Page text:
On behalf of the Taxlex / EB-Hub Group of Companies, I would like to use this opportunity to sincerely thank you for having entrusted your business with us during extremely challenging and uncertain times the past year.
We hope that we have met with your expectations, and are continuing to strive to better our value proposition to you by using the latest technology, providing above-average knowledge and service. 
I am a firm believer that personal interaction with our clients, still forms the basis of our business relationship, and we undertake, notwithstanding global changes to continue to provide personal interaction on a regular basis.
May you and your family have a blessed and peaceful break this holiday period from the stress and challenges of 2020, and may the lessons which we have learnt, help us to conquer 2021 as a united force. 
Season's Greetings
Carl Coetzee
Taxlex is a multi-disciplined professional practise providing companies and their employees with a wide spectrum of services and solutions to address their Tax, Payroll, Labour, Human Resource, Accounting, Employee Benefits and Financial needs.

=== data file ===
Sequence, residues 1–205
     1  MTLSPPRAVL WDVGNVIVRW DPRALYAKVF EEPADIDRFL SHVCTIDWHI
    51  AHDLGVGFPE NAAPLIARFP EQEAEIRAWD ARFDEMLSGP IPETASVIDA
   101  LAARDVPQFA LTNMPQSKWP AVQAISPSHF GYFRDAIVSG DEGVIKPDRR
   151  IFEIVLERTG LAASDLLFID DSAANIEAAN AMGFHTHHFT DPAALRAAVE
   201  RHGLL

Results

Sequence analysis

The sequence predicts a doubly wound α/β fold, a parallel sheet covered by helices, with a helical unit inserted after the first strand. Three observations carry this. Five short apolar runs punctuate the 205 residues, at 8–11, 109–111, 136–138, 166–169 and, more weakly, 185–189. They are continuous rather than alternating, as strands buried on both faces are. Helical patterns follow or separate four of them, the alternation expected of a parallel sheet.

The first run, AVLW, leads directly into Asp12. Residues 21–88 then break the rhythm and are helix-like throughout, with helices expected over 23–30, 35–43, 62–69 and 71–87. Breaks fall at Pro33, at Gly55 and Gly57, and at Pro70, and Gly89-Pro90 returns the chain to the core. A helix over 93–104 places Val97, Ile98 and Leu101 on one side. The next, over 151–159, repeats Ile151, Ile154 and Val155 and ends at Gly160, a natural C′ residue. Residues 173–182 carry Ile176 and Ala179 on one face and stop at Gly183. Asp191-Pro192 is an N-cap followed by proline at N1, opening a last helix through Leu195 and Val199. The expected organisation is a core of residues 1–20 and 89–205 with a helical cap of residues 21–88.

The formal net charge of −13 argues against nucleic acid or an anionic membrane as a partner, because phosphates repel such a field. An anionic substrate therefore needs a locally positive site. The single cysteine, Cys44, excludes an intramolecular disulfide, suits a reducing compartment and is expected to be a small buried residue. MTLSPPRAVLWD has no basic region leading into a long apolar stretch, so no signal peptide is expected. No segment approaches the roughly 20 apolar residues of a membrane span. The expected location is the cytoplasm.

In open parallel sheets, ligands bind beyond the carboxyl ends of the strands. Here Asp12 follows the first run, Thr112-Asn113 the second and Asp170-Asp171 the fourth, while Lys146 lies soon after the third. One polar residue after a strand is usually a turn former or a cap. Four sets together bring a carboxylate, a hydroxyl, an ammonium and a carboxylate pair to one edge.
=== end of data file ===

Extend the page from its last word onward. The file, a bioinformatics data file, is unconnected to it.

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SA’s inflation rate rises to 3.3% in October
 A surge in food and beverage prices pushed SA’s inflation rate to 3.3% in October from 3% in September, but there are no signs of sustained upward pressure.
SA leading business cycle indicator improves in September
 The SA Reserve Bank’s composite leading business cycle indicator rose to 105.3 in September, its first increase on an annual basis since October 2018.
RMB/BER business confidence index surges in Q4
 The RMB/BER business confidence indicator surged to 40 in Q4 from 24 in Q3, reflecting improved confidence in all sectors of the South African economy.
SA’s PPI exceeds expectations in October
 In October, SA’s headline producer inflation rate rose to 2.7% y/y from 2.5% y/y in September, above forecasts that it would remain unchanged.
United States house prices rise 6.6% y/y
 US house prices rose by an impressive 6.6% y/y in September, their highest rate of increase since March 2018.


French energy group, Total recently announced that it uncovered a new significant gas deposit about 175km off South Africa’s southern coast.

Known as the Luiperd-1X well, it lies within the Outeniqua Basin and together with Total’s 2019 discovery of an estimated one billion barrels of oil equivalent of gas and condensate at Brulpadda (off the Mossel Bay Coast), could help SA transition away from coal and place it on the global energy map. According to The Africa Report, the timing of both finds is good for the Mossel Bay gas-to-liquids refinery, which has been on the verge of closure over the last two years due to declining gas resources from the fields currently feeding refinery.